This complaint to the IEC will not take away from the concrete evidence the DA and the City of Johannesburg has uncovered regarding the ANC’s hand in the violent protests in DA-led municipalities. We have evidence that ANC officials were behind Alexandra shutdown and have subsequently lodged a complaint with the IEC.  This is further strengthened by the fact that Mayor Herman Mashaba has established that the protests, were in part, led by the ANC ward councillor.

The choice before South Africa is clear, vote for a party that shamelessly uses the genuine plight of poor people for its own narrow political benefits, or a party that will hold its leaders accountable regardless of who they are.

Only the DA has a clear vision that will build One South Africa for All.

DA stands behind Mayor Mashaba’s commitment to bring change to Alex

The images of deliberate disruption emanating from this evening’s Alexandra community meeting with City of Johannesburg Mayor, Herman Mashaba, were premeditated by the ANC.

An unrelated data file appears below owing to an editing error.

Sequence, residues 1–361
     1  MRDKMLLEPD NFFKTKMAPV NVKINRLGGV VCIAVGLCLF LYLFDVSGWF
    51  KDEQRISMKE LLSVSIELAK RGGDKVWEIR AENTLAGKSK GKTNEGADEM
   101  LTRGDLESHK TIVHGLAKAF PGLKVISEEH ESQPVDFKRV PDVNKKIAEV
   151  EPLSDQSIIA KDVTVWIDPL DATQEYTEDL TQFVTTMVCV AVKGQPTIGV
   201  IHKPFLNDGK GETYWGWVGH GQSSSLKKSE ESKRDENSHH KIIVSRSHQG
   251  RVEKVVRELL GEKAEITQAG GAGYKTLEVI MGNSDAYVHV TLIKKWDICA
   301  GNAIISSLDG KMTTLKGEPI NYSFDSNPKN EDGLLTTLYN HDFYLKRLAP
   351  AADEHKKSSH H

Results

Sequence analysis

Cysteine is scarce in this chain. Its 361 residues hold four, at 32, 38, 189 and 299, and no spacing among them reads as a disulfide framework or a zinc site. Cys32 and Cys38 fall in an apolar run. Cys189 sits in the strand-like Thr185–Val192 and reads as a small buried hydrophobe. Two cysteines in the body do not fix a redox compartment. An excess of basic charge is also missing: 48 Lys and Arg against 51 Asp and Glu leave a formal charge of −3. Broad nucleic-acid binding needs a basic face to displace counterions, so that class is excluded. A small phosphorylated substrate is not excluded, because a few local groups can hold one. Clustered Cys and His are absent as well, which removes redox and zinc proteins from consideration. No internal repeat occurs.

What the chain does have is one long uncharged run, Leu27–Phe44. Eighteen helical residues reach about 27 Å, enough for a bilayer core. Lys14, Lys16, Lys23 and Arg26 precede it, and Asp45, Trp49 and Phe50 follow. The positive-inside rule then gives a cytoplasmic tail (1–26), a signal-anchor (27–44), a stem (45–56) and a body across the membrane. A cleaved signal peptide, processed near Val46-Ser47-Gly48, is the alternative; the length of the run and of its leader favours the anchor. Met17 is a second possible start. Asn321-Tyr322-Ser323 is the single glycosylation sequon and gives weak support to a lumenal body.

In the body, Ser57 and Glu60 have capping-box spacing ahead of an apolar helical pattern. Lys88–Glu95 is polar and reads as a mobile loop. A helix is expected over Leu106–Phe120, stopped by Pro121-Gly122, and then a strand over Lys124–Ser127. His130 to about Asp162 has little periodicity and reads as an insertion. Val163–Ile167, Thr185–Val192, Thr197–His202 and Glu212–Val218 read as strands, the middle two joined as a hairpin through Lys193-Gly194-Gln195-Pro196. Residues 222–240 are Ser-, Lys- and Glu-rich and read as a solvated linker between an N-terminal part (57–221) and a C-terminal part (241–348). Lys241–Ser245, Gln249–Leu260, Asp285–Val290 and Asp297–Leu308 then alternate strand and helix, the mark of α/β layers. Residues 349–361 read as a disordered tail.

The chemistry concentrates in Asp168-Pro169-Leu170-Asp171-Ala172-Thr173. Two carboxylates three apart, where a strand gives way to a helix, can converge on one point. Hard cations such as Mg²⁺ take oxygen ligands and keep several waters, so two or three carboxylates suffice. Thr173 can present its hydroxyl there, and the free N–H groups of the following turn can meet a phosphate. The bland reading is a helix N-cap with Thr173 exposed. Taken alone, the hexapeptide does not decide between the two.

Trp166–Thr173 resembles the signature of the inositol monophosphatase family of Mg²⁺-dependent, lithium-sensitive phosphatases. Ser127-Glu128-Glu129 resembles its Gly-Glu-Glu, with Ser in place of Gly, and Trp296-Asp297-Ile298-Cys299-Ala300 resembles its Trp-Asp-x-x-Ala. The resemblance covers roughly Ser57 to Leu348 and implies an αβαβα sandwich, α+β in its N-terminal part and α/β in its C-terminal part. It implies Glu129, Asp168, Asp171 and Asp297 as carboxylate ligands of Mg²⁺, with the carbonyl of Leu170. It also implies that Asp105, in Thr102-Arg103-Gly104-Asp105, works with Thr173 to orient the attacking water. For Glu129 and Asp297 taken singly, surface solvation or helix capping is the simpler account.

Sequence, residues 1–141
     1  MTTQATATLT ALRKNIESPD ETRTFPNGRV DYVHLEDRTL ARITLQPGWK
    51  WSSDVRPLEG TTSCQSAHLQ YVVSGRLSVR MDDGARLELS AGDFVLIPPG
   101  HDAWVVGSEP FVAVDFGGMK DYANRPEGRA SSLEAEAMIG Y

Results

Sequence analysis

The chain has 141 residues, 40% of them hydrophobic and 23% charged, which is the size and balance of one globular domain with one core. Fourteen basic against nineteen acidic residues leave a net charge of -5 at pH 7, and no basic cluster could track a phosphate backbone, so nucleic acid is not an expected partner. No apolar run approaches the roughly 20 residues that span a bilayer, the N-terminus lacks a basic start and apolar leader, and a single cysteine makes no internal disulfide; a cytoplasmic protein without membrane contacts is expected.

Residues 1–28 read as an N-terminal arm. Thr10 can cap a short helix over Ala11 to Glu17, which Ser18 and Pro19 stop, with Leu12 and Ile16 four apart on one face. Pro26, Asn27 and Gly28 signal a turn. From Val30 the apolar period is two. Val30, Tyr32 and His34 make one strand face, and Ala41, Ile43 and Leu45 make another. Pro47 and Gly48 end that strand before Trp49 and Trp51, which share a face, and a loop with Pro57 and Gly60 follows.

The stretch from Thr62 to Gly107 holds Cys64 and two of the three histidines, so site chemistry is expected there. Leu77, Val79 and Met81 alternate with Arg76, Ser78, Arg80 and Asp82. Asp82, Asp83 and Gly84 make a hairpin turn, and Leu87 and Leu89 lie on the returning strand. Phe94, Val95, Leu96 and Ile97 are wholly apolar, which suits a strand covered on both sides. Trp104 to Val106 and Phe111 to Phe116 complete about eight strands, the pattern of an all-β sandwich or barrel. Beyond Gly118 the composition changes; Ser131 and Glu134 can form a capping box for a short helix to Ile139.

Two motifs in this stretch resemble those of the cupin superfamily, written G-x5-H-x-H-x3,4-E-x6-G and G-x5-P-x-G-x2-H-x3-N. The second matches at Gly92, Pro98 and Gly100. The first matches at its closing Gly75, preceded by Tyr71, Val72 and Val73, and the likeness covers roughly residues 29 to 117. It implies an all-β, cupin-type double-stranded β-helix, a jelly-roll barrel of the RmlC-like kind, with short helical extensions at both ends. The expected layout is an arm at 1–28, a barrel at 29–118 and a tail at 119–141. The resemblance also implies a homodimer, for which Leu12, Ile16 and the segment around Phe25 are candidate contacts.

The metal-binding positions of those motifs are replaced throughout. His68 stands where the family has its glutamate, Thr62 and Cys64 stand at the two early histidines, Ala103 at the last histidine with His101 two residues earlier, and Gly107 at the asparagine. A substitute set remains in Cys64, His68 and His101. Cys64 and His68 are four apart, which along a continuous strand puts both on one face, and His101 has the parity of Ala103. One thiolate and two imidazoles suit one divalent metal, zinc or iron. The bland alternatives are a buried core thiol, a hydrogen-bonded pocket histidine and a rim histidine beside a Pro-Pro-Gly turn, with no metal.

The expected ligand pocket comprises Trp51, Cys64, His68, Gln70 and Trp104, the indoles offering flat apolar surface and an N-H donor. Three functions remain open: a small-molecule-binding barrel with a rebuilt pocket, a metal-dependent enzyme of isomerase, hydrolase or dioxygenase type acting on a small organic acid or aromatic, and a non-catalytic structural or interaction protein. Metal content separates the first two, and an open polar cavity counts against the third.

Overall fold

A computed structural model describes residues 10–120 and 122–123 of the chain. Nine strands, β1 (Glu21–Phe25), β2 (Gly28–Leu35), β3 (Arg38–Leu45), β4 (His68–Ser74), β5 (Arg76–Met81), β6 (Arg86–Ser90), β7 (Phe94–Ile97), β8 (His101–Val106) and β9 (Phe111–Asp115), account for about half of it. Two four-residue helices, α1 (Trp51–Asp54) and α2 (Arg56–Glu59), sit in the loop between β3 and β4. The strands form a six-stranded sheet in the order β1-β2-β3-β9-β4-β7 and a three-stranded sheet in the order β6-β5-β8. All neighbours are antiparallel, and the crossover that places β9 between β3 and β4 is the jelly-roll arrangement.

Mayor Mashaba went to Alexandra to address the concerns of the community but was prevented from doing so when the meeting was hijacked by several rogue elements in the hall – no doubt sponsored by the failing ANC.

What was meant to be a genuine interaction about concrete plans and budgets between the Mayor and the community, was hijacked and the meeting soon disintegrated into chaos and disorder.

The ANC has denied the people of Alex a real opportunity to hear Mayor Mashaba’s plans to speed up service delivery and development.

The ANC has truly deserted what was left of its democratic values and replaced it with violent, anarchic and chaotic tendencies.

Due to the ANC’s interference, it was obvious that the intention was never for Mashaba to engage with the residents. They do not care about the grievances of the people of Alexandra, they only care about the narrow electoral prospects.